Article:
In all, because the principal author, Karen Taylor, has pulled together and structured so much information it is a great resource that many people putting together business cases will plunder. However, it seems to this editor (Steve) that it lacks an audience and it lacks the bite of the HaCIRIC report featured earlier this week.
Download the report from the Deloitte UK Centre for Health Solutions web page Telecare and Telehealth.
Philips Lifeline has published a free CarePartners Mobile app for iPhones and Android smartphones that enables family caregivers (carers) to connect with each other and to coordinate care plans privately and securely. More information and download links: CarePartners Mobile. We do not often report on individual apps, but this looks interesting.
Ecumen is conducting an online survey of people over 55 on behalf of a “group of PERS device companies [who] are looking for your input to design the next generation of this product”. Good grief! To mis-quote one of the UK’s ex-prime ministers, Sir John Major, ‘If the answer is more pendants, we are asking the wrong question!” A Personal Emergency Response System Designed by You (No closing date on the survey, but it is still open for you to tell them what you think.) Heads-up thanks to Toni Bunting.
(Ed. Donna note following Ed. Steve: I had quite a bit of contact with Ecumen during my three years at LIG/QuietCare, as they were our lead customer at the time. They are a faith-based non-profit and have 70 senior communities with a range of in-community and at-home services located in four states headquartered in Minnesota. They pride themselves on being a thought and practice leader in their care and if you look elsewhere on the ‘Changing Aging’ blog you’ll see some examples. So let them know what you think both in the survey and in the comment area!)
Toronto-based remote health provider Ideal Life announced that it has chosen Orange Business Services to expand its remote monitoring solutions for wellness and chronic conditions to an international audience. Orange will provide seamless machine to machine (M2M) wireless connectivity for Ideal Life in Europe and Latin America, promoting comprehensive remote care to the home and preventing non-critical re-admissions of patients to hospitals. Press release for more information on both partners.
The United States will look to Africa to gain knowledge about advances in mobile health technologies…While it’s still the early days of mHealth and the digital revolution, “we will see huge breakthroughs in Africa and South Asia,” said Jeffrey Sachs, director of the Earth Institute at Columbia University, speaking at a Monday afternoon mHealth Summit ‘Super Session’ on global implications for mHealth technologies. Africa’s mHealth breakthroughs to pave way for U.S. GovernmentHealthIT.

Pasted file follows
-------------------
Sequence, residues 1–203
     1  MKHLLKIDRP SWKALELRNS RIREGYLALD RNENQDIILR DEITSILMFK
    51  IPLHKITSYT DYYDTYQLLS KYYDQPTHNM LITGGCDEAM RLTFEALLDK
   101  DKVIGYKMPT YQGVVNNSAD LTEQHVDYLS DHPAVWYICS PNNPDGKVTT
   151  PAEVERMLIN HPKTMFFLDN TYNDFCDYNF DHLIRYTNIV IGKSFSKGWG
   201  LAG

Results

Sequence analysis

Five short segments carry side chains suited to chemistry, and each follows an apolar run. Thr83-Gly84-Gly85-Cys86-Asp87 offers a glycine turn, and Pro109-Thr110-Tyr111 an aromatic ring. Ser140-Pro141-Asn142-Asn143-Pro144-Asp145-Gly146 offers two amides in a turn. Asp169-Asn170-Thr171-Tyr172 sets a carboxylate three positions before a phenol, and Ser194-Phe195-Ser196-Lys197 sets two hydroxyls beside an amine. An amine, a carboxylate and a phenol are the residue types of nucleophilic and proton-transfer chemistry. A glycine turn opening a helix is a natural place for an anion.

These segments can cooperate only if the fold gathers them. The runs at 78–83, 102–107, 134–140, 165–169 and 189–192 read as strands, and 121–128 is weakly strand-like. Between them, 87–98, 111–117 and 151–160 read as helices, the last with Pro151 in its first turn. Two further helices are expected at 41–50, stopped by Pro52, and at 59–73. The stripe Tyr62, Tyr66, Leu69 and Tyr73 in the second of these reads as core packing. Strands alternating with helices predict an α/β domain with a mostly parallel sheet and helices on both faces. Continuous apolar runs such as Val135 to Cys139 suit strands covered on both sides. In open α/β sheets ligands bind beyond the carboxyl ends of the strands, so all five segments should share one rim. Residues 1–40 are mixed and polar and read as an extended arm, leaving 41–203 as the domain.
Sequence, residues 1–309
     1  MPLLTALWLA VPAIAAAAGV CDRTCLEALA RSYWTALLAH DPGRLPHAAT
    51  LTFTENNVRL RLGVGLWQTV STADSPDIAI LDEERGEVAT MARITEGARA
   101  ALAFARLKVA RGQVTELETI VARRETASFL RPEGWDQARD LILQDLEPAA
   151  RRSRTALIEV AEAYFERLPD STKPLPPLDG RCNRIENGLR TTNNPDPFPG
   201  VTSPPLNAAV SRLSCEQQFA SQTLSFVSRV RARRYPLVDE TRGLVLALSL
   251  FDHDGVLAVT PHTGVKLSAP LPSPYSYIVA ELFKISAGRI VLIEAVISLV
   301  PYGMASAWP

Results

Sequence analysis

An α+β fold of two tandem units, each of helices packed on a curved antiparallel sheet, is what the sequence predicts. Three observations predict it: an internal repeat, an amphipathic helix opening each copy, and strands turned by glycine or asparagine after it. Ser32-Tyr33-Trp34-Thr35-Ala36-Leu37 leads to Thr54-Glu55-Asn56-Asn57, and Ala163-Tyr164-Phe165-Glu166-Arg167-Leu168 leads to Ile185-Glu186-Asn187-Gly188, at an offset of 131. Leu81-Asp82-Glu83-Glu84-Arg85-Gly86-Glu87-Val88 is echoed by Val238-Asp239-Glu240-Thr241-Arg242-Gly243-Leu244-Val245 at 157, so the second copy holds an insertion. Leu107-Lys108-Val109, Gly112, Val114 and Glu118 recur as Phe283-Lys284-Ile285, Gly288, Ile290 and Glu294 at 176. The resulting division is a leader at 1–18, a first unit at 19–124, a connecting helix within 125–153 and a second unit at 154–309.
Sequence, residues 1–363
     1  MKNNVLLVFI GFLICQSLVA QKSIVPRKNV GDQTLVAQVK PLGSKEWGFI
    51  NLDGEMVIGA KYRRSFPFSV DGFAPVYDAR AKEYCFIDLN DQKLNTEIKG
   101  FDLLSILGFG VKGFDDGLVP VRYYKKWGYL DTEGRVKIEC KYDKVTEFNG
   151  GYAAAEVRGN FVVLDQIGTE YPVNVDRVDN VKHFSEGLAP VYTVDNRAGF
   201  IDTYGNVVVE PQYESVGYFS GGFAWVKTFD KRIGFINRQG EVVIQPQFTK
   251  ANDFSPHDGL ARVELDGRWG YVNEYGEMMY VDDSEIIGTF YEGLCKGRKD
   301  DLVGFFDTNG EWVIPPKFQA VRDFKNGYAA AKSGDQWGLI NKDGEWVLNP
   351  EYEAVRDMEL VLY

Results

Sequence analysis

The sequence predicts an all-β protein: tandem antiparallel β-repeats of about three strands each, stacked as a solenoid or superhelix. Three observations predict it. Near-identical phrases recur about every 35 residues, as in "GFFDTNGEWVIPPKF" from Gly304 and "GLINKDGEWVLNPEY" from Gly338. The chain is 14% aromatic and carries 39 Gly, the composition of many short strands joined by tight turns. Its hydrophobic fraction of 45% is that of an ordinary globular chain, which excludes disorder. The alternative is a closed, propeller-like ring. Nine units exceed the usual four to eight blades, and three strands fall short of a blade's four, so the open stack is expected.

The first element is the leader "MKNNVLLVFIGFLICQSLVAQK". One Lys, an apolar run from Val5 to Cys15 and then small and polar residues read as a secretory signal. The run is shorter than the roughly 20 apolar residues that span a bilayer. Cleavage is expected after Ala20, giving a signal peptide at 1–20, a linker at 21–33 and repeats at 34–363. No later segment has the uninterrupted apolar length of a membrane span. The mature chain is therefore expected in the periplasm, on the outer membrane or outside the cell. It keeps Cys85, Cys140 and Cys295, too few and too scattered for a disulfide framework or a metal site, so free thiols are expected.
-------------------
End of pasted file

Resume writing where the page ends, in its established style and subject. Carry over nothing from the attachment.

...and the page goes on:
Or maybe it won’t… Why Nigeria Needs a National eHealth Strategy AllAfrica.
Shipping containers are being put to all sorts of uses these days, including for homes and shops. Now, in the Kaithal district of Haryana, India, the first of what is intended to be a series of eHealth (telemedicine? telehealth?) centres has been opened in an unused container. Cloud-connected eHealth Centre in Kaithal. Times of India.
This is not the first time Telecare Aware has reported the use of a shipping container for such a purpose. See Telemedicine and mobile IT mobilized for Haiti relief Jan 2010 and US army uses 80-foot container for mental health telehealth booths March 2011.
The Mediterranean Institute for Transplantation and High Specialisation Therapies (Ismett) is a major transplant centre in Italy and has been running a trial with post-transplant patients in partnership with Intel-GE Care Innovations. “The study is still ongoing but the signs are encouraging. Early results that compare a control group of patients who did not use telehealth with those that had suggest that the technology accelerated patient recovery, allowing for early discharge and reduced readmissions – even for patients with complex clinical conditions. And by encouraging regular monitoring, healthcare staff have felt empowered to act sooner to avoid any lapses in a patient’s convalescence and any consequent re-hospitalisation…In fact there have been no readmissions in the intervention group so far, compared to several in the control group.” Italian organ transplant centre trials telehealth The Guardian.